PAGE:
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Describing Litho, Which is Short for Lithograph

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The way to describe a lithograph, or litho for short, is to say that it is a replication or a type of copy of an original piece.  In essence, it is a type of printing technology.  In most cases, these types of prints are licensed by the representative of the artist or the artist themselves, which, in turn, makes them much more valuable.  They are also signed and dated.  In some cases, they are numbered, especially if they are part of a limited edition.  They will also include a certificate that authenticates it as a litho. 

This type of duplication has been done for quite some time.  In the past, it was done by etching a copy of the artwork into a material like slate or metal.  Next, the mold that had been made would be compressed into whatever material it was being transferred to, such as a canvas.  However, in the past, it most likely would have been paper, glass, or some type of wood.  The more modernized method has far evolved from those earlier days.  Now the pressure plate can be made from zinc or aluminum sheets.  Once they are altered with a chemical, the metal will retain the image.  Next, the paint is applied to the plate.  There is no longer a need for etching the artwork print into a mold.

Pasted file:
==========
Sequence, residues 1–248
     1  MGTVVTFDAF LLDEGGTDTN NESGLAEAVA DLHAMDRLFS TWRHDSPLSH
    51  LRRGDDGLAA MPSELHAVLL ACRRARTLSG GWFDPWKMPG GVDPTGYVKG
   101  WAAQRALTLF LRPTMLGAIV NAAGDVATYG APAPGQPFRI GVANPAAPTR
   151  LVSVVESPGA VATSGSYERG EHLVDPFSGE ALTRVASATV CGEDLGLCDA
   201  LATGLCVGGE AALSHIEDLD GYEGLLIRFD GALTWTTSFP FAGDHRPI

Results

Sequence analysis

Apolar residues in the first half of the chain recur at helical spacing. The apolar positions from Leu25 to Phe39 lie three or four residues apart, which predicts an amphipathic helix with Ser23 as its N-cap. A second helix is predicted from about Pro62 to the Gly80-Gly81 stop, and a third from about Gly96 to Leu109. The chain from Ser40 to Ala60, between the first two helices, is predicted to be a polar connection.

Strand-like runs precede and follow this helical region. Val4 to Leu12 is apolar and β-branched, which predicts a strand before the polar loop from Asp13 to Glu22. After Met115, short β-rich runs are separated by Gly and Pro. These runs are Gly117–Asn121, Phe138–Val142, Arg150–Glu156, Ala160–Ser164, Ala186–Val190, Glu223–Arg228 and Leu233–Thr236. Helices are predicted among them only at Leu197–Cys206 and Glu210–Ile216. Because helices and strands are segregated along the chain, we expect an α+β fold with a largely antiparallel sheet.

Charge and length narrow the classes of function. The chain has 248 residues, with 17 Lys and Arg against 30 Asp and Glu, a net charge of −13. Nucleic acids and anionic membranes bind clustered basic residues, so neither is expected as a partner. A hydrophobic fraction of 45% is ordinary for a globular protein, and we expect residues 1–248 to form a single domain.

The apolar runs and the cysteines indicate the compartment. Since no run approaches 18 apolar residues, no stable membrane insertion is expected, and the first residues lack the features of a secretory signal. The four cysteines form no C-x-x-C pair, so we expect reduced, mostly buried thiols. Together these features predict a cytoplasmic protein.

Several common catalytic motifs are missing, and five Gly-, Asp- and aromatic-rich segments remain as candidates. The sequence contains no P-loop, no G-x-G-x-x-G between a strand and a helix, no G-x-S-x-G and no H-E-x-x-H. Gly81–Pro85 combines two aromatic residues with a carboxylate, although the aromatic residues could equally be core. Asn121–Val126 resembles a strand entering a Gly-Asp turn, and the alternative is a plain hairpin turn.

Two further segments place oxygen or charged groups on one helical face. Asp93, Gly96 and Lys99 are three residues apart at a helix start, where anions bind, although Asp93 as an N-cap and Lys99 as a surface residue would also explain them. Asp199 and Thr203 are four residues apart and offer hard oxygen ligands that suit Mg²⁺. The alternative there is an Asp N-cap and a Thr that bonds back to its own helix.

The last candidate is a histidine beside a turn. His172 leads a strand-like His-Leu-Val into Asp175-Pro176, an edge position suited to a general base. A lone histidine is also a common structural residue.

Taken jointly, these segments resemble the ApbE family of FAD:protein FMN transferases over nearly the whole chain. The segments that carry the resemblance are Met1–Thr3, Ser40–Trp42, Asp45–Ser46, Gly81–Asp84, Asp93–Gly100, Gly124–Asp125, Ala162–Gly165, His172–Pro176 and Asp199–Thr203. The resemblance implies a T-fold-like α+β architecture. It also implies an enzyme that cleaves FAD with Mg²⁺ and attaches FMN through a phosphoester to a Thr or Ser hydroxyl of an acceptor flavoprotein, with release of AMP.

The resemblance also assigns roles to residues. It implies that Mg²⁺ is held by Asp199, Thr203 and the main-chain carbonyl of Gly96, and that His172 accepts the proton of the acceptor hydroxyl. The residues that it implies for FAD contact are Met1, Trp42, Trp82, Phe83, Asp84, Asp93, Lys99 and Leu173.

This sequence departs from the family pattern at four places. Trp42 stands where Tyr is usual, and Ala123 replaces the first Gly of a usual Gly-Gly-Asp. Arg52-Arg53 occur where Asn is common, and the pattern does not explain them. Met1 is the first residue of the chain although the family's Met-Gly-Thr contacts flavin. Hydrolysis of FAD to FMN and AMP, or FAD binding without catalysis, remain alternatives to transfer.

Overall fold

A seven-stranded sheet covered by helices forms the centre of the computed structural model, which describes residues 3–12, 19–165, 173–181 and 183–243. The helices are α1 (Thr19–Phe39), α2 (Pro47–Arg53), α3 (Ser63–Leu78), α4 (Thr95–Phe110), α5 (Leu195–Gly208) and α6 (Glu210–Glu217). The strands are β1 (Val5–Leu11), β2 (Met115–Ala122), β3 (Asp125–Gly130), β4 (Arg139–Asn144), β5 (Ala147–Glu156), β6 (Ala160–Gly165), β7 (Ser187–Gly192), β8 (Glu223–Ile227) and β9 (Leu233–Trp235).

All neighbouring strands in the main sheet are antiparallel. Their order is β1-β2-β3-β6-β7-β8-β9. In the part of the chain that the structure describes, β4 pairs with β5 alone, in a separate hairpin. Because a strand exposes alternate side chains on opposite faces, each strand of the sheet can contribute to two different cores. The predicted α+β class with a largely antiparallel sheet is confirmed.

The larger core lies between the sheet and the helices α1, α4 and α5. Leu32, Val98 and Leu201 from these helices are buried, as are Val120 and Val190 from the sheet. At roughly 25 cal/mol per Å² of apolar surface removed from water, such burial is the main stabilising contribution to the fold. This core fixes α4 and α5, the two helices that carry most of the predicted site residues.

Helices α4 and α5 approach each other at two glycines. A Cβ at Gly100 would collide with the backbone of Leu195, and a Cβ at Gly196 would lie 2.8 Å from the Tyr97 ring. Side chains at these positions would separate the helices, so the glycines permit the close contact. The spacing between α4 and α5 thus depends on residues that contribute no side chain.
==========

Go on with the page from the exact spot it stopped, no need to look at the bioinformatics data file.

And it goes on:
Litho inks are all oil based.  Whatever is left when the image is pressed will be taken away through a washing process with water.  It may take several different processes if there are multiple colors being transferred, before the print is complete. 

Many of the artists, from the past, were happy and honored to have reproductions made of their original pieces of work.  Other artists were not really a fan of allowing copies to be made.  It really came down to a personal choice with each artist.  This means that finding litho prints of one artist’s work may be more difficult than finding pieces created by some other artist. 

Many people prefer this type of replicating of a work of art to a copy or a print.  They tend to be much more valuable.  Many avid art collectors prefer them as well. 

There are other methods of reproducing a work of art, such as giclee, which uses a printer that has specially designed ink jets to reproduce copies.  Another method is through a hand stenciled replication process, such as silk screening.  Silk screening can often times be very expensive.  This is why many in the art world prefer the litho prints over other types of copies.

Perhaps one of the greatest distinctions of this type of copying is that it was once widely used by artists to create their works.  The artists could then select printers to reproduce the images.  Picasso was one of these artists that participated in this ground breaking thought process concerning artwork.  They used it primarily to promote themselves.  Later on, the prints became highly sought after and extremely valuable just because they were created first as a lithograph. 

 


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